The addition of women to juries in England in the early twentieth century had a significant impact on conviction rates, particularly for cases in which women were prominent as victims or defendants. That is the central conclusion of research by Professors Randi Hjalmarsson, Patrick Bayer and Shamena Anwar, which is forthcoming in the Economic Journal.

Their study of the effect on criminal court jury decisions of making women eligible to serve on English juries in 1921 finds that:

• Despite little effect on overall conviction rates, female representation substantially affected the likelihood of conviction for a subset of cases in which female jurors might have viewed the alleged behaviour or its impact on the victim from a different perspective than their male counterparts.

• Specifically, female representation on juries increased conviction rates in sex offence cases by 16 percentage points.

• Female representation on juries also led to the emergence of a conviction rate differential between violent crime cases in which the victims were male or female. Cases in which the victim was a woman were now 20% more likely to lead to convictions compared with cases in which a man was the victim.

• Convictions for female defendants charged with ''other'' offences, many of which were related to abortion, were greatly reduced.

Though historical in nature, these results raise concerns about the basic fairness and effectiveness of modern criminal justice systems that exclude (or severely limit the role of) women. Such concerns are not limited to societies that completely exclude women from serving as judges and jurors but extend to courts or institutions, such as the military, where the historical overrepresentation of men in positions of authority continues to limit the role of women in judicial decision-making.


It is notoriously difficult to disentangle the impact of the addition and expansion of female participation in civic, political and economic life from the views of those who elected or appointed them.

In the new study, the researchers take advantage of the introduction of women into the English jury pool – the group of people from whom the final jurors are selected – to shed light on this question. Termed the ''great experiment'' by newspapers of the time, women became eligible to serve on English juries with the passing of the Sex Disqualification (Removal) Act of 1919, which was implemented in 1921.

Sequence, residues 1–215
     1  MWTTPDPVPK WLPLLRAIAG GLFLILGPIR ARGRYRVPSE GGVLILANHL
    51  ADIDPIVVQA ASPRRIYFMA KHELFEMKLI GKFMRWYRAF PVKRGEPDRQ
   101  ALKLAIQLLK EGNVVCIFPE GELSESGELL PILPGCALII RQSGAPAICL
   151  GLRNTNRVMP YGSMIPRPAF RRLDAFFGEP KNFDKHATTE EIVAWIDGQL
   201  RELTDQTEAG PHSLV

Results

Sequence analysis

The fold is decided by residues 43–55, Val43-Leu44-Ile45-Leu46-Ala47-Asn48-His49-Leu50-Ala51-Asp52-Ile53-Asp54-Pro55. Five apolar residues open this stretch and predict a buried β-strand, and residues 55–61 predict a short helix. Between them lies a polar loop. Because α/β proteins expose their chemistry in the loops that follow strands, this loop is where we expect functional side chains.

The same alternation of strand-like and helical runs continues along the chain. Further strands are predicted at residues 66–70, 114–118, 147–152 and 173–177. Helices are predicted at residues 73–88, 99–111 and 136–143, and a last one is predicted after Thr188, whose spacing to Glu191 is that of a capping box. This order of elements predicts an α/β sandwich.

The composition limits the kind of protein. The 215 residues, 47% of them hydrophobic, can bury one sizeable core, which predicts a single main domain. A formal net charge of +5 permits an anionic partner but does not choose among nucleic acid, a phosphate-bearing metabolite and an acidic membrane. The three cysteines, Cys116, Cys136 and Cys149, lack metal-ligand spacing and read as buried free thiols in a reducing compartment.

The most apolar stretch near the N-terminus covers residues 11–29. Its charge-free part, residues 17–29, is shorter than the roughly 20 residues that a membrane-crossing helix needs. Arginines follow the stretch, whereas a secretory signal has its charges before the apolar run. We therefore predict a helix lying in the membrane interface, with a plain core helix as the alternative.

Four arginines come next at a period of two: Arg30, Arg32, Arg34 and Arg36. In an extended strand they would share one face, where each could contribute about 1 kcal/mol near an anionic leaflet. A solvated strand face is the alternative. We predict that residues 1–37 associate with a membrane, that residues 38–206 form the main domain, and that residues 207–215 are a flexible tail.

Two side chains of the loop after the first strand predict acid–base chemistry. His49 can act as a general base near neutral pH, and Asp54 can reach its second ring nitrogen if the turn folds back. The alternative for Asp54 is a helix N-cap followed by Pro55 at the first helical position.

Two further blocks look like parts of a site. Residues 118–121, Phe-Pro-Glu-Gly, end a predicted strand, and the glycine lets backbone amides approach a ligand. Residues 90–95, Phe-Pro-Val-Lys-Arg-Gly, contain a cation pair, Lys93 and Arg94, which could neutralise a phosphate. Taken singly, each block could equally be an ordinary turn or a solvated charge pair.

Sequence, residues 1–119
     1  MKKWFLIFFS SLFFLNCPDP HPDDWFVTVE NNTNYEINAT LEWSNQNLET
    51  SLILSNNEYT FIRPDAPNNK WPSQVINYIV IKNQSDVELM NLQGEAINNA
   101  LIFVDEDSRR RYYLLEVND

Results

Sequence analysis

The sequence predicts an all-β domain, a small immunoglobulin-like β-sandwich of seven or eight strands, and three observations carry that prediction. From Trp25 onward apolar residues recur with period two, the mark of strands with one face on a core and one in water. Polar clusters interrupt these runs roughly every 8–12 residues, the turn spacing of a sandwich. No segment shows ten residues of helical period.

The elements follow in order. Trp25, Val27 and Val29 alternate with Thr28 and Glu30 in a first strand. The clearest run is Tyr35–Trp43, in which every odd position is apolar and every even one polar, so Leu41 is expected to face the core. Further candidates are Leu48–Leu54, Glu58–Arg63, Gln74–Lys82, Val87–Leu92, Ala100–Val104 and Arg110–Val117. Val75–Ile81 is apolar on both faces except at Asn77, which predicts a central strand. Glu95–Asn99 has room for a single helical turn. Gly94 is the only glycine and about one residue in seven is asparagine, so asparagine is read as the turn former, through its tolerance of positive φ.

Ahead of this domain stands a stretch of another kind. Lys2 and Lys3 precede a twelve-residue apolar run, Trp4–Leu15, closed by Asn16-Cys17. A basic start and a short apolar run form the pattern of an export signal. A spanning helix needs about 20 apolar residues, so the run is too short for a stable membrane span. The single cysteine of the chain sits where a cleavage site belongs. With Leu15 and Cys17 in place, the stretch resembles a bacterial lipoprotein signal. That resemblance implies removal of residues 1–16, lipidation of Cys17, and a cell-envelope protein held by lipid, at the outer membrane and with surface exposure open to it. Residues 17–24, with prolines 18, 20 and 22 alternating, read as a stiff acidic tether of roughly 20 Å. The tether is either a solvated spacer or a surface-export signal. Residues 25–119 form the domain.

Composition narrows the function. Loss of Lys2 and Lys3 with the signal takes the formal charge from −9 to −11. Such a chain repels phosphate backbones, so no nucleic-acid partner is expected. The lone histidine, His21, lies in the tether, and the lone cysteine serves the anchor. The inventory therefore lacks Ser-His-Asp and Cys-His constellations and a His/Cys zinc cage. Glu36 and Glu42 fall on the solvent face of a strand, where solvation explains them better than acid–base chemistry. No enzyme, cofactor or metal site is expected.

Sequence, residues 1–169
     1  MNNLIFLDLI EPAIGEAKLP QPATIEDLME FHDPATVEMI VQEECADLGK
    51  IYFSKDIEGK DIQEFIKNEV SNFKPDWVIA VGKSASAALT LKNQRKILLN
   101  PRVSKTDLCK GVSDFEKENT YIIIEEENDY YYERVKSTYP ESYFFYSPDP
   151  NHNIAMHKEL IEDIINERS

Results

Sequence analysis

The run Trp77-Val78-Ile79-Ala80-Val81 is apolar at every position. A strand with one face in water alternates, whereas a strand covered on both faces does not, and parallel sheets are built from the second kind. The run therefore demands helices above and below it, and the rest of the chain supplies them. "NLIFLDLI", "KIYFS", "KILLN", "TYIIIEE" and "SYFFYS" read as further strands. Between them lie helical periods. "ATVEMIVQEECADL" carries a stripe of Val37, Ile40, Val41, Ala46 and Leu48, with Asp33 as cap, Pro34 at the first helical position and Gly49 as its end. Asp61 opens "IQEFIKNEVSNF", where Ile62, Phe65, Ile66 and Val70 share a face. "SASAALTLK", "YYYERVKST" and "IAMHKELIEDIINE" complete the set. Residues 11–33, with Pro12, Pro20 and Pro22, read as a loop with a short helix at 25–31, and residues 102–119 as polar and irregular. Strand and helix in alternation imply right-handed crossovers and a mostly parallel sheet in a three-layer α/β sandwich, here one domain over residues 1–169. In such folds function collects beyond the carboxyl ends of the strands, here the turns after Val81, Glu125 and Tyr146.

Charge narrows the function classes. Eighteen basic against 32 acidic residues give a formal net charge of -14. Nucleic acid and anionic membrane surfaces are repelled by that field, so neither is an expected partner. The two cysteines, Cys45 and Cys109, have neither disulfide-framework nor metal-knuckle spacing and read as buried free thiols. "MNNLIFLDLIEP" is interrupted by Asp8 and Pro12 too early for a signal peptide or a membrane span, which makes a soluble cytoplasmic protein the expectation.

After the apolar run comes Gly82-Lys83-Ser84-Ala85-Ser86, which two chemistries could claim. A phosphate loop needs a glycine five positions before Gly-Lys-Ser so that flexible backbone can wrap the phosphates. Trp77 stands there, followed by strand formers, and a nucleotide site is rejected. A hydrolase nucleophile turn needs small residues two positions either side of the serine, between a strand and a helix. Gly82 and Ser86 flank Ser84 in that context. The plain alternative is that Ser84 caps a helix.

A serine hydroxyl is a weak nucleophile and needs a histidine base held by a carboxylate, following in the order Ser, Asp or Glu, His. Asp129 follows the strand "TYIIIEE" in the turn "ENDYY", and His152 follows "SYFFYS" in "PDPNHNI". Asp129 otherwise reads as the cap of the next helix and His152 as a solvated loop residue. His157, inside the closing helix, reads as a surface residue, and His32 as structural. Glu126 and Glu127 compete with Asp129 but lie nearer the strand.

One advantage of this historical context is that it studies the impact of including female jurors on what had been all-male juries. This provides a sharper and more meaningful comparison for assessing the broad impact of female representation, rather than the effect of adding one more female to the mostly gender-balanced juries of today.

The researchers use an original data set of more than 3,000 criminal cases from archival handwritten court records of the First and Second Courts of the Old Bailey – the London criminal court – from 1918 to 1926, including most importantly the names of all individuals seated on the jury. More than half of seated juries in 1921 had at least one female juror and more than 80% of cases in the following years had female jurors. But women were less likely to be represented on sex offence cases.

To avoid biases due to such potential selection, the main empirical analysis is based on a comparison of verdicts from the full set of trials before and after the introduction of the reform. The estimated effect therefore encompasses many potential mechanisms. The most obvious is that eligibility leads directly to female representation on juries, thereby affecting deliberations and decisions.

But the reform may also indirectly affect verdicts even in cases in which women are not seated on the jury. This could occur, for example, if the judge makes comments to the entire jury pool about whether the nature of the case is ''sensitive'' for female ears or if pre-trial selection is focused on striking potential female jurors, which could affect the resulting distribution of seated male jurors.

''A Jury of Her Peers: The Impact of the First Female Jurors on Criminal Convictions'' by Shamena Anwar, Patrick Bayer, and Randi Hjalmarsson is forthcoming in The Economic Journal.